‘Gang behind Hajj passport scam may be in DFA’
The Authorities are investigating 17 Filipinos who accompanied around 500 Indonesians posing as Filipino Hajj pilgrims to Saudi Arabia last month.
Immigration Commissioner Jaime Morente said the 17 were in the custody of the National Bureau of Investigation and were being questioned on the extent of their involvement in the Hajj passport scam.
“Their testimonies will be crucial in pinning down the masterminds of the passport fraud and to determine the criminal liabilities of all those involved,” a report said.
BI intelligence chief Charles Calima said the syndicate suspected to be involved in that scam could be operating inside the Department of Foreign Affairs (DFA) and the National Commission on Muslim Filipinos (NCMF).
The government has formed Task Force Janus, an interagency group includes the BI, NBI and intelligence units from the military and the police, to get to the bottom of the scam.
The Filipino facilitators were taken into custody when they returned to the country following the Hajj pilgrimage to Mecca, Saudi Arabia, from Sept. 9 to 14.
Authorities believe around 500 Indonesians faked their identifies to be able to use Filipino Hajj passports and join the religious pilgrimage.
A Hajj passport is based on country quotas set by the Saudi government to regulate the huge number of Muslims from all over the world wanting to make the pilgrimage to Mecca. Indonesia’s quota for this year was reportedly already filled while the Philippine quota still had slots available.
Unlike a regular passport, a Hajj passport is valid for one year and can be only used to participate in the pilgrimage.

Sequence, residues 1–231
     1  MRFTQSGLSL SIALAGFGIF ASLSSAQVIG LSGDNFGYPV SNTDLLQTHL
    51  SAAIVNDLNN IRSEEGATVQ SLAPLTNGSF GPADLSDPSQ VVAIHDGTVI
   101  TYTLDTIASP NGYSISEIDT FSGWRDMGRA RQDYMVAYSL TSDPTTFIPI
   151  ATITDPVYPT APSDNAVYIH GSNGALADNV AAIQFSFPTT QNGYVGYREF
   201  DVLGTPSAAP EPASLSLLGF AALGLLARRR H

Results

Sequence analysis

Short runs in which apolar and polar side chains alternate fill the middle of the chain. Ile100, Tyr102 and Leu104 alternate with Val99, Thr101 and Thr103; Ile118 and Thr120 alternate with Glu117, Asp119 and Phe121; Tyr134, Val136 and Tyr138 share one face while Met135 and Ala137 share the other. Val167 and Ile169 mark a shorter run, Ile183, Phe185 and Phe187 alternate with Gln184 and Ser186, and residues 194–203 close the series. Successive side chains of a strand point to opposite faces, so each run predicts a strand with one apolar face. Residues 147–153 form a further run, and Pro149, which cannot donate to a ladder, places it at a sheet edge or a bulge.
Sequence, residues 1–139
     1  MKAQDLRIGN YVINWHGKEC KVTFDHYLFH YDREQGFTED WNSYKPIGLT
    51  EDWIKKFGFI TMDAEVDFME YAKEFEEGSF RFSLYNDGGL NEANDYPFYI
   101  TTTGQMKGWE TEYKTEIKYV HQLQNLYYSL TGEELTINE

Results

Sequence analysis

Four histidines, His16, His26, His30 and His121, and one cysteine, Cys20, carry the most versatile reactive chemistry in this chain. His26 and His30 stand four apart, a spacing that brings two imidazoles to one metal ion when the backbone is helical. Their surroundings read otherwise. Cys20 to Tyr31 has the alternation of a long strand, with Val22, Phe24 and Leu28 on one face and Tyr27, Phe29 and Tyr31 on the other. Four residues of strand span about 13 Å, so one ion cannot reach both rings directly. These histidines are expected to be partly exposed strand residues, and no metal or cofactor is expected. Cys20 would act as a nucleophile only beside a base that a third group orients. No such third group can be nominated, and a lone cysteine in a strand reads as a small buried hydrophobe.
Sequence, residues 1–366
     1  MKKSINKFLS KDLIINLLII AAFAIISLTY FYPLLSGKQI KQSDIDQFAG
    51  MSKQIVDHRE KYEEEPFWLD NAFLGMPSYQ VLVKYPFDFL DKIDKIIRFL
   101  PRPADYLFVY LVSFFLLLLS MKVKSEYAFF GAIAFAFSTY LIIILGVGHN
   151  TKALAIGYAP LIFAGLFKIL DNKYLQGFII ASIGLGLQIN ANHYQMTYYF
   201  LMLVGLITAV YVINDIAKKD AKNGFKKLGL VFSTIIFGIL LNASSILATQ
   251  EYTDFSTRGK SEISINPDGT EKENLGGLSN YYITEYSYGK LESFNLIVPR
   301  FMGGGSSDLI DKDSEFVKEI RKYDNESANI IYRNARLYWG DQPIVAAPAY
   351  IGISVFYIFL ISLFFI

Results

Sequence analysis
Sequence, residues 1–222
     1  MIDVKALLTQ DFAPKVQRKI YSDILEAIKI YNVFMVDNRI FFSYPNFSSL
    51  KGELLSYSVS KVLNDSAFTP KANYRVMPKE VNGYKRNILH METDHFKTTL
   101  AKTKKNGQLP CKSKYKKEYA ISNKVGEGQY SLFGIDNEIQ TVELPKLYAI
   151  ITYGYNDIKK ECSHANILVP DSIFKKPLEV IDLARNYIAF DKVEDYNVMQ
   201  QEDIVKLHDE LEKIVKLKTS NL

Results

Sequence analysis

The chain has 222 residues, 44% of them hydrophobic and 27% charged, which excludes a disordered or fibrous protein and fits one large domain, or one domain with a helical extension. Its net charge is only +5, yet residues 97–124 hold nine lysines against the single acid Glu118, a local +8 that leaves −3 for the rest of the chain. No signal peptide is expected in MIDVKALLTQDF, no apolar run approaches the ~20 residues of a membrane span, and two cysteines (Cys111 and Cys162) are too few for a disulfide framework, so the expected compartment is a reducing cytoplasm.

In August, the Bureau of Immigration thwarted an attempt by 177 Indonesians to fly to Saudi Arabia using Filipino Hajj passports. Immigration agents became suspicious when they realized that the pilgrims could not speak a word of Filipino or any Philippine dialect.
BI technical assistant for airport operations Leo Cresente Ferrer said the task force was able to identify and take into custody another 103 Indonesians and 18 Malaysians who also illegally obtained Hajj passports from the Philippines.
“Most of the Philippine passports were released by the DFA and some by the Philippine consulate in Malaysia,” the report said.
“The capability of unscrupulous government personnel within the DFA and NCMF and their cohorts to produce Philippine passports through fraudulent means has national security implications,” the BI report said.
In fact, one of the five Filipino passport holders who died during this year’s Hajj was actually an Indonesian.
The Indonesian pilgrim, who went by the assumed Filipino name Murphy Rasam Sahiril, was identified as Samsuddin, 68.
According to the report, Indonesians resort to using illegally acquired Philippine Hajj passports since one would have to wait 20 years to get a slot in the regular Indonesian quota for pilgrims.
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